Mr Smith added that his question was in relation to the slide on pressurized water reactors.
The Chairperson added that
Ms Dunjwa said that much of the scientific content was not understandable. She requested that in preparation for meeting with
The Chairperson said that the Committee researcher could assist by tapping into information and preparing the Members more adequately.
Ms Mocumi added that when the Members met with the French delegation she was perturbed by the fact that they had not been briefed on what was expected of them in discussions. She believed that the French delegates did not gain from their visit to Parliament. She felt that when Members undertake a visit with delegates from another country, it was the responsibility of the Committee researcher to capacitate them by providing the relevant information.
Ms Dunjwa agreed that Members who led the delegation from Parliament were not well-prepared to engage with the French delegation.
The Chairperson said that it was unfortunate that the French Committee did not inform the Portfolio Committee about their focus. The Portfolio Committee was supposed to ask
Update on DST’s role in COP 17
Mr Auf der Heyde noted that the briefing would be on DST’s role in the United Nations Framework Convention on Climate Change (UNFCCC) 17th session of the Conference of Parties (COP 17) and not about the COP 17 per se. He presumed that the Committee had already been briefed at the highest level by Department of International Relations and Cooperation (DIRCO) and Department of Environmental Affairs (DEA) on SA’s approach to the COP 17 negotiations. The challenge for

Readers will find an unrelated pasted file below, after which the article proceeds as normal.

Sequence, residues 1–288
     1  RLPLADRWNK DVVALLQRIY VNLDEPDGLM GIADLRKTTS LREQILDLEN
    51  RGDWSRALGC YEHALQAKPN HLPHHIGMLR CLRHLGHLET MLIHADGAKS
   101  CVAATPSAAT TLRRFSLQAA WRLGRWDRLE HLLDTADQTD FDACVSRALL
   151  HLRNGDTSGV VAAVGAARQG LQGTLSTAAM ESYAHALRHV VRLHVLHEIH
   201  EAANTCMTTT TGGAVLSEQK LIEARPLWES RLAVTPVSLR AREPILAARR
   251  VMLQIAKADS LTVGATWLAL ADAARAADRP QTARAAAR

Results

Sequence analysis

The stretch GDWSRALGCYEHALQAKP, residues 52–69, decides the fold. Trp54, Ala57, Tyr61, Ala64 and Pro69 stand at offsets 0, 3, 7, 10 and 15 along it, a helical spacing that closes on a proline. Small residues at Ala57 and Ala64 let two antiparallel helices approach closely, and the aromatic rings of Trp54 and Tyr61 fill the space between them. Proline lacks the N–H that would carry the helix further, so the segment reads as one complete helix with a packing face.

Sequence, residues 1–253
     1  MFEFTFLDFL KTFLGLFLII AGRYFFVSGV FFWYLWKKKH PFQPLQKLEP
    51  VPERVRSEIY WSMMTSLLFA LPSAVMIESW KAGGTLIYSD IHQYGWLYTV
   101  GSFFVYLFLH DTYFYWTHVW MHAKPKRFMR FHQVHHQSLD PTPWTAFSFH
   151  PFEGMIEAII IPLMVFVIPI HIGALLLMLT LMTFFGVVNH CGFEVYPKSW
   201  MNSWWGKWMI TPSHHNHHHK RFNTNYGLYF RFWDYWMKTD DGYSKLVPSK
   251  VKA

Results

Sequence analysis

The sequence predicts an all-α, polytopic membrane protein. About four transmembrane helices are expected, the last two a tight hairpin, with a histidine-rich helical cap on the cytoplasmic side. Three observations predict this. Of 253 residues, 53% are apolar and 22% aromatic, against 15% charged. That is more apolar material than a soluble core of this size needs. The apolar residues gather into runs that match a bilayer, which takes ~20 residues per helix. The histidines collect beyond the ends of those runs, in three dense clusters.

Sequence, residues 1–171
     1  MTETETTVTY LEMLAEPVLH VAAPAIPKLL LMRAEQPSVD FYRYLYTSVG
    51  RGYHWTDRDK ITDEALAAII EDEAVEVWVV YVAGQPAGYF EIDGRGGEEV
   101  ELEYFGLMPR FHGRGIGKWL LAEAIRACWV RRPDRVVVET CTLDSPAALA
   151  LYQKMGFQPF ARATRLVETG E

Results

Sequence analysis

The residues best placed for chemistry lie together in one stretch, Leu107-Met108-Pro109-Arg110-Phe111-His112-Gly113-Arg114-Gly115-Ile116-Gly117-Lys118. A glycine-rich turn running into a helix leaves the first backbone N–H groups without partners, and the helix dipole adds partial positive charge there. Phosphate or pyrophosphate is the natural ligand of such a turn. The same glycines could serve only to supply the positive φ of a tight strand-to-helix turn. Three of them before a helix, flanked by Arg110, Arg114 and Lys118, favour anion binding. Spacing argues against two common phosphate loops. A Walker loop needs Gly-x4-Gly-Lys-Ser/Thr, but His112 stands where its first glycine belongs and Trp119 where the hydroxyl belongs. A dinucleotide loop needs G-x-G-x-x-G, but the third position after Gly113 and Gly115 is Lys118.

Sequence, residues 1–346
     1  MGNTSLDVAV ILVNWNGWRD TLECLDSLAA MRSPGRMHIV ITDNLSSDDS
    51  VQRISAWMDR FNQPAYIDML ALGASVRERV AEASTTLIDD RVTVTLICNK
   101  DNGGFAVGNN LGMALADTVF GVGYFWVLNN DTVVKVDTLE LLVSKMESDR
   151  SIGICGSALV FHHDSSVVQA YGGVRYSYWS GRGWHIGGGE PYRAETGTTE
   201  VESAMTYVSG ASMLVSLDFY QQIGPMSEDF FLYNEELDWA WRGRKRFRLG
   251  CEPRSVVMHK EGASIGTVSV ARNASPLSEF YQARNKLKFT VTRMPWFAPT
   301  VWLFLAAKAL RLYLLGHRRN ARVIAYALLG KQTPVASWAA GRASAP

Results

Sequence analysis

At COP 17, the agenda for the Ad Hoc Working Group on Long Term Cooperative Action (AWG-LCA) revolved around the building blocks of mitigation, adaptation, financing and technology. DST would lead the South African delegation on the Technology Development and Transfer agenda item in the AWG-LCA.
In the COP 16 outcome (
The African Group had been allocated three seats in the TEC. The Africa Group nominated
As host in 2011, DST would host negotiations on three key technology transfer issues that COP parties were divided on:
1. How the TEC and CTCN should relate - developed countries suggested that the CTCN should function independently of the TEC but be accountable to, and under the guidance of, COP. However, this independence was unacceptable to the G77 and China Groups, which preferred that CTCN should be accountable to COP while TEC would ensure that accountability.
2. Selection criteria and procedures for identifying a host institution of CTCN – developed countries proposed that the UNFCCC Secretariat should manage the selection of the host, while developing countries felt that the process should be party-driven and managed by the TEC. South Africa and the UAE were requested to draft a document on the selection procedure and evaluation criteria for the CTCN host. The host could be any institution, from research institutions to banks such as the African Development Bank. The process would need to be informed by the UN procurement procedures.
3. The governance structure of the CTCN –The US and